“Oh, I don’t know,” Brown began, warming up to the subject, “I’ve got a date for Wednesday night.”
“And Buns tells me it’s a blind date arrangement,” his tormenter snarled again.
The rest of the discussion followed this line and is happily lost to memory.
Merlin’s attitude toward the fan world, an environment with which he was only vicariously familiar until his arrival in Los Angeles, seems to be epitomised by the expression “thud and blunder”. Brown simply landed without a motor and with his air brakes stuck, smack dab in the midst of the society, much in the manner of Tweel of Mars* and his beak-dives into the middle of Jenkins’ diagrams. Having thus arrived, and not being able to see far because of his myopia, he simply struck out in all directions at once. As in any case of this nature, he began to encounter unforeseen obstacles.
* See Stanley G. Weinbaum’s “A Martian Odyssey” (July 1934 Wonder Stories) – DRL
After observing Bronson at work on Fantasite, Merlin set about publishing a magazine of his own. Not knowing at the time which end of a stencil went into the typewriter first, it was necessary for him to enlist the assistance of others in the clubroom. “I want material!” he demanded of his associates, looking at them intently out of the corner of his eyes.
“What kind of material?” Bronson would demand.
“Anything!” Brown would shriek in desperation.
Eventually items began flowing in. “This stinks,” Brown would declare. Or: “I wouldn’t publish that in the Downtown Shopping News,” Furthermore, after Brown began to learn which way to turn the handle of the mimeograph, he instantly became an authority on all phases of the mimeograph and its ailments. “Let me fix it, stoop!” he would rage when Mike Fern, another recent arrival, who seems to be everybody’s right hand man in the hat, offered his opinions. Bending over the roller – for his eyes focus at six inches – Brown would proceed to “fix” the machine. Inevitably it would be necessary for one or another of the bystanders to reach down into the inking drum and pull out a fighting mad Merlin, wash it off with wood alcohol and set it down in a chair.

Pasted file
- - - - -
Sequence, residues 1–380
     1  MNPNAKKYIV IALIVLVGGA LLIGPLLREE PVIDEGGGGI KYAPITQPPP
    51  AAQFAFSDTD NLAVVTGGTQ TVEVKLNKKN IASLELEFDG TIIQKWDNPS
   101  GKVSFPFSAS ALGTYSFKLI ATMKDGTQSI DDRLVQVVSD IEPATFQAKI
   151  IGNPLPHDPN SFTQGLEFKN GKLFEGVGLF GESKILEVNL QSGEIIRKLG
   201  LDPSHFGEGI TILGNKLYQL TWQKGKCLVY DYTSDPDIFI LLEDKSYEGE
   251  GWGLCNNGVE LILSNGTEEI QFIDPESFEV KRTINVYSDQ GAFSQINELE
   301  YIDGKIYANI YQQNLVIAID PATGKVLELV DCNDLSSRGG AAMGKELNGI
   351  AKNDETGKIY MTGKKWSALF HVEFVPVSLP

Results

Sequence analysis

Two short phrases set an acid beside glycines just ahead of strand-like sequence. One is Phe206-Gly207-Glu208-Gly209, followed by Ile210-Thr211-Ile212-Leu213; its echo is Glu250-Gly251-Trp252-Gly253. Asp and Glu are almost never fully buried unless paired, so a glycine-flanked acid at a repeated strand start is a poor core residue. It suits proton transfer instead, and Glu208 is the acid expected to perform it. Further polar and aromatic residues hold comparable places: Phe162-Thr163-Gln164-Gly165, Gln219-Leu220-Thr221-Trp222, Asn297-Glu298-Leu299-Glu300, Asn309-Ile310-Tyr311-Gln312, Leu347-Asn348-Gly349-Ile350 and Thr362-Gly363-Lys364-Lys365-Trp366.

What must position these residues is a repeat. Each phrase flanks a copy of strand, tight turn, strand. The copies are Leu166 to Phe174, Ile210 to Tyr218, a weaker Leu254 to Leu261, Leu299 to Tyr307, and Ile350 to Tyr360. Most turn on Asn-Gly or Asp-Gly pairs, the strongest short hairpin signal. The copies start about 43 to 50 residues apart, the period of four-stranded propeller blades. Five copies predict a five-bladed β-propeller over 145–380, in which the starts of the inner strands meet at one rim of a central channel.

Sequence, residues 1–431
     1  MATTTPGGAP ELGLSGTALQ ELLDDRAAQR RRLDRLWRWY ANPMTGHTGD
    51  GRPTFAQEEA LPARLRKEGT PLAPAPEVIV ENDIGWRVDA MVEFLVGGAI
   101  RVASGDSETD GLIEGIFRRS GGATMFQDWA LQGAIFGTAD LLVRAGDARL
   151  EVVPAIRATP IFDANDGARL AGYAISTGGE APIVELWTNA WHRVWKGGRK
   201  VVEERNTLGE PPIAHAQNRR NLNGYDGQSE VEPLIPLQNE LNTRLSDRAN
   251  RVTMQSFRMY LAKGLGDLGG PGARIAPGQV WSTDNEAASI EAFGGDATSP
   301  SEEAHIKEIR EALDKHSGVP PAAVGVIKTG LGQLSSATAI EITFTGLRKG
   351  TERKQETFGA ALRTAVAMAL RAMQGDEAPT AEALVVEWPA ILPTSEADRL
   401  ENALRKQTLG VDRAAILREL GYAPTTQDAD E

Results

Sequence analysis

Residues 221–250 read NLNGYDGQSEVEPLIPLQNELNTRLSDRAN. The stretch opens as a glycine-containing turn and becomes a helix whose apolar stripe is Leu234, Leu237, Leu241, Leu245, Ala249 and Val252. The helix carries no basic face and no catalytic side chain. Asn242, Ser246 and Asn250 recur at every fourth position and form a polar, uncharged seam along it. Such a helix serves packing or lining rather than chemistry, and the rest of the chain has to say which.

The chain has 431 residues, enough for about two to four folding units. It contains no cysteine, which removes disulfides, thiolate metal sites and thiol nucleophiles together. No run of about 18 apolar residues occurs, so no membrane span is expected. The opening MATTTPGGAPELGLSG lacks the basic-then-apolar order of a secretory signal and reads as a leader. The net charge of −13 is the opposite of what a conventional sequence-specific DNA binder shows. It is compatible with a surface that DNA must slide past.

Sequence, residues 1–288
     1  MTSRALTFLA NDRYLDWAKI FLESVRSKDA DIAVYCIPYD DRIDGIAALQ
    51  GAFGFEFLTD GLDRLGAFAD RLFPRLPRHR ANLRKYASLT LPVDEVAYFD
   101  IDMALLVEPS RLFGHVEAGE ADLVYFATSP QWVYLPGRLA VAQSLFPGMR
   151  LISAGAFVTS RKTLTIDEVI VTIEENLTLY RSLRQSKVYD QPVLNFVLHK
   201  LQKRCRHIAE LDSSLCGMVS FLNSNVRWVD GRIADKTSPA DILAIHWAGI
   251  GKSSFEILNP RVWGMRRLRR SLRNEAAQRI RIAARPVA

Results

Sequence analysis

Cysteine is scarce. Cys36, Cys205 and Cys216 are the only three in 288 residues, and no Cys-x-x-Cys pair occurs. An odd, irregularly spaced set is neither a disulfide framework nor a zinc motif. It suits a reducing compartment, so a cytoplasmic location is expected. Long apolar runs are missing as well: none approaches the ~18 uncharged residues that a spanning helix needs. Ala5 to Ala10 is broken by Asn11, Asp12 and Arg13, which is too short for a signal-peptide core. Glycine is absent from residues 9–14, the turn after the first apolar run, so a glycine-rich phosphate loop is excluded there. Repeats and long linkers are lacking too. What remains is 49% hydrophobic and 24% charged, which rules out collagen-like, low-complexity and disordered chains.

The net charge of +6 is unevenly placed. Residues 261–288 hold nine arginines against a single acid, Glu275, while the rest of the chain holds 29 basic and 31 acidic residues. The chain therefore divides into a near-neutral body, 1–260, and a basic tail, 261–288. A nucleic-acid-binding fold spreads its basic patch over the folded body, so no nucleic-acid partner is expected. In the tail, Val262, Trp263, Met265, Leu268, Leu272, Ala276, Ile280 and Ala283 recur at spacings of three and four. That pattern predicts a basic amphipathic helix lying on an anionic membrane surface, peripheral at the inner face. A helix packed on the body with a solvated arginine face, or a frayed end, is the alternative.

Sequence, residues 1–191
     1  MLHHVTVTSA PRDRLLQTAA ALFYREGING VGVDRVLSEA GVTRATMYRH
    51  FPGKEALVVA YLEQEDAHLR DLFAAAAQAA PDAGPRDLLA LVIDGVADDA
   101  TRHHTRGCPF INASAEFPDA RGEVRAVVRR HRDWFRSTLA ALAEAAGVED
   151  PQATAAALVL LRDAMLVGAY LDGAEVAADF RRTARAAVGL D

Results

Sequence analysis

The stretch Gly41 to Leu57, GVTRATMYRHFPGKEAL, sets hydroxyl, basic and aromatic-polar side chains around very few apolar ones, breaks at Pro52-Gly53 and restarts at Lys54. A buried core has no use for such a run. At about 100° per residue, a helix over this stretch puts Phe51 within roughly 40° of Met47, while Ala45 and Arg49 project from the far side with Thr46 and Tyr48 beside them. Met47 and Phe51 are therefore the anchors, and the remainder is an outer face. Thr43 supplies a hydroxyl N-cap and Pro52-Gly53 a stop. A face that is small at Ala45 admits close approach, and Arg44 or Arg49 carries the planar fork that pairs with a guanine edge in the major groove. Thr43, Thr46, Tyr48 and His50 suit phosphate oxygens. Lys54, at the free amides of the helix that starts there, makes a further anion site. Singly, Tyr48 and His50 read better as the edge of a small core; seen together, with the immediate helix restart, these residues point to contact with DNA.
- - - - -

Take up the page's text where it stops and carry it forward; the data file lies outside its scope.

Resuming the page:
“Oh, it’s those damned stencils,” he would explain, while Morojo or Mike endeavored to put the machine back together again. The next night it would be: “Oh, it’s that cheap ink we use,” or “Why can’t we get the right kind of paper?”
It was during the initial stages of Fan Slants, originally to have been called Fantasque, that another of Merlin’s more agonising habits, but one to which any habitue of the clubroom must eventually accustom himself, came to light. That is his continual use of such endearing vocatives as “stoop”, “drip”, “dope”, “goon”, etc. There are six or seven of these which are used in rotation during the week.
The idea of this system is doubtlessly stolen from the Kaywoodie pipe ads, which advocate the use of six or seven pipes, one each day, thus, relieving the monotony occasioned by using the same pipe at all times. The Kaywoodie Company gives no clue as to the procedure to be followed when the whole shebang wears out, and as Mr Brown also has had no further inspirations along this line, the members of the society simply have to swallow their egos and resign themselves to the fate of being addressed thusly, “Sit down, stoop.” “Are you coming to dinner, dope?” “Bring that crud over here, goon.” And other remarks of a similar vein.